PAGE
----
In context it is clear that Calvin’s objection is not biblically or rationally based, but stems from his hostility to the Catholic Church, expressed in strident disapproval of its distinctives (such as clerical celibacy). (This seems to be a common tendency of the harshest critics of the Church.) He refers, for example, to monks who have forsaken their solemn vows for an “honest kind of livelihood,” contrasted with those who “remained entangled in ignorance and error,” and bound by “extraneous chains, which are nothing but the wily nets of Satan” and “superstition” (Institutes, IV, 13, 21).

Elsewhere, Calvin follows the pathetic example of Luther’s many absurd and outrageous statements about the Catholic clergy:

. . . The sum of it all is that pope, devil, and his church hate the estate of matrimony, as Daniel says [17:37]; therefore he wants to bring it into such disgrace that a married man cannot fill a priest's office. That is as much as to say that marriage is harlotry, sin, impure, and rejected by God; and although they say, at the same time, that it is holy and a sacrament, that is a lie of their false hearts, for if they seriously considered it holy, and a sacrament, they would not forbid the priests to marry. Because they do forbid them, they must consider it unclean, and a sin, as they plainly say . . .

. . . the noises made by monks and nuns and priests are not prayers or praises to God. They do not understand it and learn nothing from it; they do it like hard labor, for the belly's sake, and seek thereby no improvement of life, no progress in holiness, no doing of God's will.

(On the Councils and the Churches, 1539; in Jacobs, V, 284, 286)

Calvin, in other places, seems to admit the possibility of a divine calling to celibacy, but on a temporary basis only: “Virginity, I agree, is a virtue not to be despised. However, it is denied to some and granted to others only for a time” (in McNeill, Institutes, II, 8, 42). He gives no biblical rationale for this opinion; rather, he keeps prattling on in this section (he so often appears as if he is lecturing Catholics like small children in his Institutes) about the perfectly obvious: that celibacy is a gift from God and that no one can do it without his power.

Calvin, then, has offered us nothing in the Bible to overthrow the Catholic position on clerical celibacy. His criticisms have left our view completely unaffected (and Luther’s opinion has even strengthened it).

1 Corinthians 7:7-9: I wish that all were as I myself am. But each has his own special gift from God, one of one kind and one of another. To the unmarried and the widows I say that it is well for them to remain single as I do. But if they cannot exercise self-control, they should marry. For it is better to marry than to be aflame with passion.

1 Corinthians 7:32-38: I want you to be free from anxieties. The unmarried man is anxious about the affairs of the Lord, how to please the Lord; but the married man is anxious about worldly affairs, how to please his wife, and his interests are divided. And the unmarried woman or girl is anxious about the affairs of the Lord, how to be holy in body and spirit; but the married woman is anxious about worldly affairs, how to please her husband. I say this for your own benefit, not to lay any restraint upon you, but to promote good order and to secure your undivided devotion to the Lord. If any one thinks that he is not behaving properly toward his betrothed, if his passions are strong, and it has to be, let him do as he wishes: let them marry-it is no sin. But whoever is firmly established in his heart, being under no necessity but having his desire under control, and has determined this in his heart, to keep her as his betrothed, he will do well. So that he who marries his betrothed does well; and he who refrains from marriage will do better.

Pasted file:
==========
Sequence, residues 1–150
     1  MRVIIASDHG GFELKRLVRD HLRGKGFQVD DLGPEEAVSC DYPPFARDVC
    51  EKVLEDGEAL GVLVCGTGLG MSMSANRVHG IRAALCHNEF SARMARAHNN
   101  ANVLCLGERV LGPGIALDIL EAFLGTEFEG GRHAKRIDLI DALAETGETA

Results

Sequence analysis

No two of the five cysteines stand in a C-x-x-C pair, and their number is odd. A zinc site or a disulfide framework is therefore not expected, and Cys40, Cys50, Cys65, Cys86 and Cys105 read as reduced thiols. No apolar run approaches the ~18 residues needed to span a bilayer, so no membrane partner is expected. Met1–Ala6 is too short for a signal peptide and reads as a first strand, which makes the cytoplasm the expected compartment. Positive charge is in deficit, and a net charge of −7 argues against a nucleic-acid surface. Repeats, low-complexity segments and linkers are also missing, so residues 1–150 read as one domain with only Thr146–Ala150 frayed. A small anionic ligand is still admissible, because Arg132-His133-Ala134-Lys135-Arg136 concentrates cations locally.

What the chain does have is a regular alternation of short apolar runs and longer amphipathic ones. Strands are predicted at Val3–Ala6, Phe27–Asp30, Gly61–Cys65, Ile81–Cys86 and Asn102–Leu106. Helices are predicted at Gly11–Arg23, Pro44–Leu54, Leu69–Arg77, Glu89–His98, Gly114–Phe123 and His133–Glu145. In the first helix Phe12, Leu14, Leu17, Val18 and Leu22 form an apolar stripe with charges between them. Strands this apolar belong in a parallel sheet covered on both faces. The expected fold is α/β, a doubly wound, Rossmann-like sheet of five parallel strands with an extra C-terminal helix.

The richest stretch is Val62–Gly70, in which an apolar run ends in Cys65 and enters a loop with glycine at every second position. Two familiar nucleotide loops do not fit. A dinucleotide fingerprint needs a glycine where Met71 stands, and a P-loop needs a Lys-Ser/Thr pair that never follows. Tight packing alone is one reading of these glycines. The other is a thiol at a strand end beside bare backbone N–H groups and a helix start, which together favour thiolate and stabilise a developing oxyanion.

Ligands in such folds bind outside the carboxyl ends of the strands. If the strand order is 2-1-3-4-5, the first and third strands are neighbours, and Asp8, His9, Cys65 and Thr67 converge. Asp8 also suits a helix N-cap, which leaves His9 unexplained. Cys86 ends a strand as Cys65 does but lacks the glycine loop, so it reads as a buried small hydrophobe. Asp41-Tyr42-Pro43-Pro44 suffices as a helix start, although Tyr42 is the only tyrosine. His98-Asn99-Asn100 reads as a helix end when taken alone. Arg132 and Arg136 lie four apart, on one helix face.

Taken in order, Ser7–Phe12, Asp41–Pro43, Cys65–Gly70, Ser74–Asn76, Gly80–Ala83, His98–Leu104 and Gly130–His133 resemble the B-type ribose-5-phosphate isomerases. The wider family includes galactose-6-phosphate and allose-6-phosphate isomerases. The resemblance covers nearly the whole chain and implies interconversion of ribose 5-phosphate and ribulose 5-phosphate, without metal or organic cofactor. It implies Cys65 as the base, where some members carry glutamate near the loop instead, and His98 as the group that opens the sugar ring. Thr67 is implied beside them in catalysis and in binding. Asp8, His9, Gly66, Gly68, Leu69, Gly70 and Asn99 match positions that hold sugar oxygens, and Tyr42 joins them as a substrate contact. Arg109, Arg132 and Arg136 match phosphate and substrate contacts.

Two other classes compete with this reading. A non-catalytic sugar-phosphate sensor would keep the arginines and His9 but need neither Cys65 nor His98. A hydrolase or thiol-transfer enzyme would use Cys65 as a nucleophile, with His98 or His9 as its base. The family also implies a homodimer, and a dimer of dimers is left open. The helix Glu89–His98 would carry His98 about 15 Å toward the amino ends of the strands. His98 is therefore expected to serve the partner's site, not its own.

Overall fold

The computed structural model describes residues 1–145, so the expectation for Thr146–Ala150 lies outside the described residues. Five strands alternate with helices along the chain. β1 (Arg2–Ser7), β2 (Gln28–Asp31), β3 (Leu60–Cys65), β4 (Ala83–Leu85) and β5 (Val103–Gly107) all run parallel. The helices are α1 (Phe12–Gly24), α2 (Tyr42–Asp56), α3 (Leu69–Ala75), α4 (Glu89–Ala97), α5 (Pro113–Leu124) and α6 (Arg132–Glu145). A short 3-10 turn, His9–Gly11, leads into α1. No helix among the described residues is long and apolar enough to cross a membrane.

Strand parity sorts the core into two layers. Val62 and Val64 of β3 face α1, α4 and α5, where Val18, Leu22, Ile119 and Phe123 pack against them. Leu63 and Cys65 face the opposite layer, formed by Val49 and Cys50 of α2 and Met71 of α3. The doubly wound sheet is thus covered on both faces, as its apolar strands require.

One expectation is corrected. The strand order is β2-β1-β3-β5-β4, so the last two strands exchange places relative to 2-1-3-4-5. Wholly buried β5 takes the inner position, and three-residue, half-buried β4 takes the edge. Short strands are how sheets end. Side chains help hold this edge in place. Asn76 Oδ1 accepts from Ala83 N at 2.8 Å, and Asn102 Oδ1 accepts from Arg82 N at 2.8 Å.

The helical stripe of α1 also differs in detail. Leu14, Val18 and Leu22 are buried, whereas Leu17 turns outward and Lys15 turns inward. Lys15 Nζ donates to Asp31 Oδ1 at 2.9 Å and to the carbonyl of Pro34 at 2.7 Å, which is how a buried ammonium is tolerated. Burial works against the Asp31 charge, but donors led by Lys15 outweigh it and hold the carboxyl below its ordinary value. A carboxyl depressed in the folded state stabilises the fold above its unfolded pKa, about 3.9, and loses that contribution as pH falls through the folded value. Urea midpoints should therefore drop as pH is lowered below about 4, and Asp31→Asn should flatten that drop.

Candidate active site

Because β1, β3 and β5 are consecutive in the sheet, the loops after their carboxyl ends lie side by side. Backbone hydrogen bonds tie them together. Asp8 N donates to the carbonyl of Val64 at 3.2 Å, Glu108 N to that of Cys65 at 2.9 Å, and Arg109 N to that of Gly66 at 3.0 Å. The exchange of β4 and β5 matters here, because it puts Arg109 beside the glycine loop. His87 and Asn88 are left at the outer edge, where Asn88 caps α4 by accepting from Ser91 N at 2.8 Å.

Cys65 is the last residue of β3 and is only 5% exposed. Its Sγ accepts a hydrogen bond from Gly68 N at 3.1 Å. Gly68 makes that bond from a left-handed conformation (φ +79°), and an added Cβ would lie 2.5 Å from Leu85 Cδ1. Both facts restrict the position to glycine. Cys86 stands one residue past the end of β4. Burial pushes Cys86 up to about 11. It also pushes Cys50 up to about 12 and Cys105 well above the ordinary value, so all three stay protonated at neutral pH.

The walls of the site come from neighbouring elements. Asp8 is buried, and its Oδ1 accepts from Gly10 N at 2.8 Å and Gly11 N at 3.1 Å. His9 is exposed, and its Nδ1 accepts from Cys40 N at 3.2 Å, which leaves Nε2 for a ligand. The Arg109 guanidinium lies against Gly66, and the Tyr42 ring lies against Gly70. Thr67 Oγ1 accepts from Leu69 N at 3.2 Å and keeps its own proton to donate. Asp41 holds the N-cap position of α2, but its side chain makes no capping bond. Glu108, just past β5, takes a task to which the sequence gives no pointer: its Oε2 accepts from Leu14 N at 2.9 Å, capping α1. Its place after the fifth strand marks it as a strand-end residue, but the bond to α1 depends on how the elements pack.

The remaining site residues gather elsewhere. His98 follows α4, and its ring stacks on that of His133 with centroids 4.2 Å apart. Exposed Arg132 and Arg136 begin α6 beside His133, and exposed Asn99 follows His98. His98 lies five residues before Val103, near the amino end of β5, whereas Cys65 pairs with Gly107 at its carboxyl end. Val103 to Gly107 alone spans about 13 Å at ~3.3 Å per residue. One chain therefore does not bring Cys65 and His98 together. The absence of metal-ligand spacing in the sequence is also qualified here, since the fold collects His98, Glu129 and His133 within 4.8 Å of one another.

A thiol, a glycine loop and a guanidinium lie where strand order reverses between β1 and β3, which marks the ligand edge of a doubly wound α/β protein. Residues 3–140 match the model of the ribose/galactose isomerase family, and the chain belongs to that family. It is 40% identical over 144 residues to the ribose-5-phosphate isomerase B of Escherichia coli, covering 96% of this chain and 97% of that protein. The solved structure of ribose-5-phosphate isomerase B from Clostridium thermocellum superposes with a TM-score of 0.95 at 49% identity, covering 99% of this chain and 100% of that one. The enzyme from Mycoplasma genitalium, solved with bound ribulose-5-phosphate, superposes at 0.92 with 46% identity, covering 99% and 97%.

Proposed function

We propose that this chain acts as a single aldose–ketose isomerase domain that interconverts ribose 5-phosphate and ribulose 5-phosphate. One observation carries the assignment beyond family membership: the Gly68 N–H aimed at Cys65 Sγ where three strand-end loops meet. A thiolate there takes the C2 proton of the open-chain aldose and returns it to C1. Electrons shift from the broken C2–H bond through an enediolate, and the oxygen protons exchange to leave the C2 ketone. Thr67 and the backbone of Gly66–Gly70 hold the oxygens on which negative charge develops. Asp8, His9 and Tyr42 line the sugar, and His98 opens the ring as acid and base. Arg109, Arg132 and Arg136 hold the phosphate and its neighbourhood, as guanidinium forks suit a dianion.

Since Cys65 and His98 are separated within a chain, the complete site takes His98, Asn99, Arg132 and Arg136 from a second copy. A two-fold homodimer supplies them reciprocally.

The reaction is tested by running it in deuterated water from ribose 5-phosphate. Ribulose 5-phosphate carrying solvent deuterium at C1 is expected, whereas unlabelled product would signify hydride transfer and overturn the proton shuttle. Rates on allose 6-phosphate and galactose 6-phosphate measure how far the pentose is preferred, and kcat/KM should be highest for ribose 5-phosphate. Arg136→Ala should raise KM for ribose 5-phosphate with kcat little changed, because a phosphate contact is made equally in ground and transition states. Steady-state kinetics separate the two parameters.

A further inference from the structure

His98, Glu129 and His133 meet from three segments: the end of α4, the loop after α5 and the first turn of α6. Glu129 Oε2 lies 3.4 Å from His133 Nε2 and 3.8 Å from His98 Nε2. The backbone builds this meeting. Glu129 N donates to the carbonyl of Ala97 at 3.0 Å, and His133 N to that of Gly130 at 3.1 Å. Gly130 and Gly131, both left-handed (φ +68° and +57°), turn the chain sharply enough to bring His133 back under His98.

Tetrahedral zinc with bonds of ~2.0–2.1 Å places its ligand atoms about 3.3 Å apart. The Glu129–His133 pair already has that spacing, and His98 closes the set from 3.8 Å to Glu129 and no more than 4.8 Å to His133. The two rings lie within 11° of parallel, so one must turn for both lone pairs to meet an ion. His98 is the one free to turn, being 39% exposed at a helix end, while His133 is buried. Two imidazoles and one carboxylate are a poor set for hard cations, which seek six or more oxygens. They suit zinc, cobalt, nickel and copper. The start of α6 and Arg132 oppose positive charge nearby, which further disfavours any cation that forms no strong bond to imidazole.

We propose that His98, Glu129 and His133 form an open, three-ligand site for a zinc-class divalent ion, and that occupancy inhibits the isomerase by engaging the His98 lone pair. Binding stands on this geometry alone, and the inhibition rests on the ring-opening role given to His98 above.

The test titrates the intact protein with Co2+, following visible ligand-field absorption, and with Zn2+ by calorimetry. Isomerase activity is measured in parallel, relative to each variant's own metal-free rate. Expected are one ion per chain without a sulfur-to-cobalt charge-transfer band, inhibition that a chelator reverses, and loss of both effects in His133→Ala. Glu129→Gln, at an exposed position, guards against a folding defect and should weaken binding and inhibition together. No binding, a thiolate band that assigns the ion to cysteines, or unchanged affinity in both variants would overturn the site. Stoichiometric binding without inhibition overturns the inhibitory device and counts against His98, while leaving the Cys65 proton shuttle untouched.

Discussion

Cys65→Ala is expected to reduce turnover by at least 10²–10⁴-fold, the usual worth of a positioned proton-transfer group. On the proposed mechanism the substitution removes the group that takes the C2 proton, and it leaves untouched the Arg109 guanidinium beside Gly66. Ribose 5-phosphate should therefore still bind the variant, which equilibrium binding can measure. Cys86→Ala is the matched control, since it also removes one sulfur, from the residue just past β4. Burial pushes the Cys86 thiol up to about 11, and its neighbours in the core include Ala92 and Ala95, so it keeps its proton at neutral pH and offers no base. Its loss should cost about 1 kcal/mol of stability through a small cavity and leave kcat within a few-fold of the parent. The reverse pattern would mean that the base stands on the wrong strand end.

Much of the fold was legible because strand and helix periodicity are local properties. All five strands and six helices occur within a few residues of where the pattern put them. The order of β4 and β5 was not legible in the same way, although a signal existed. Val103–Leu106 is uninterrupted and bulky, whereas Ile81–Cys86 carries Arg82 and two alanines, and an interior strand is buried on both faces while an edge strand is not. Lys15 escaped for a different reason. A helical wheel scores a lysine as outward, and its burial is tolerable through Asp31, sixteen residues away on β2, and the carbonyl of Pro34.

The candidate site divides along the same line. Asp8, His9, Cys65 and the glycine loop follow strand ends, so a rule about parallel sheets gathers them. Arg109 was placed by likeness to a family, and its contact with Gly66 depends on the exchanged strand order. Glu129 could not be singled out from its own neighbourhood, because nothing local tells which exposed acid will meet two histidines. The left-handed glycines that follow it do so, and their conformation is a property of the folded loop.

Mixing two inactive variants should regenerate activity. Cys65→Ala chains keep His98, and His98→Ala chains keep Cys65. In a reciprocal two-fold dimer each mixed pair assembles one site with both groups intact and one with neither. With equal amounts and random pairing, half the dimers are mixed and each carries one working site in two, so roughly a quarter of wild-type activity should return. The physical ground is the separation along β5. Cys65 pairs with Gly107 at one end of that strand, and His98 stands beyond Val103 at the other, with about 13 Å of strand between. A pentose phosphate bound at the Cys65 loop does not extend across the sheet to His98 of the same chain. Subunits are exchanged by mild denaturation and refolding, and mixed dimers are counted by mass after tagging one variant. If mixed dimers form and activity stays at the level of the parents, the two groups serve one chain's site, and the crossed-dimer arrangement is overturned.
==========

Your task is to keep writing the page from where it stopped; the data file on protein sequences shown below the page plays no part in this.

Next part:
St. Paul reiterates Jesus’ teaching that it is good to be single, with the greater possibility for undistracted devotion to the Lord, if a person is called to it. “Each has his own special gift from God,” says Paul. If one is “aflame with passion” (one might take this as a synonym for pronounced sexual desire), then they are clearly called to marry. Marriage is good; singleness and celibacy is better (if one is called to it). Marriage brings different responsibilities and “problems.” Paul is not anti-marriage; he is simply offering some fairly evident practical wisdom.

John Calvin keeps up his tirade against celibacy in his Commentaries (for 1 Corinthians 7). He assumes that many Catholic clergy and religious have vowed celibacy without having the gift, assumes that many who do so despised marriage, that the very requirement produces all sorts of hideous and clandestine sexual sins, and that it is virtually impossible to live in a state of celibacy for very long:

What, in the meantime, has been done? Every one, without having any regard to his power, has, according to his liking, vowed perpetual continency . . . Virginity, I acknowledge, is an excellent gift; but keep it in view, that it is a gift . . . As for those who, despising marriage, rashly vowed perpetual continency, God punished their presumption, first, by the secret flames of lust; and then afterwards, by horrible acts of filthiness . . . no house was safe from the impurities of the priests. Even that was reckoned a small matter; for there sprung up monstrous enormities,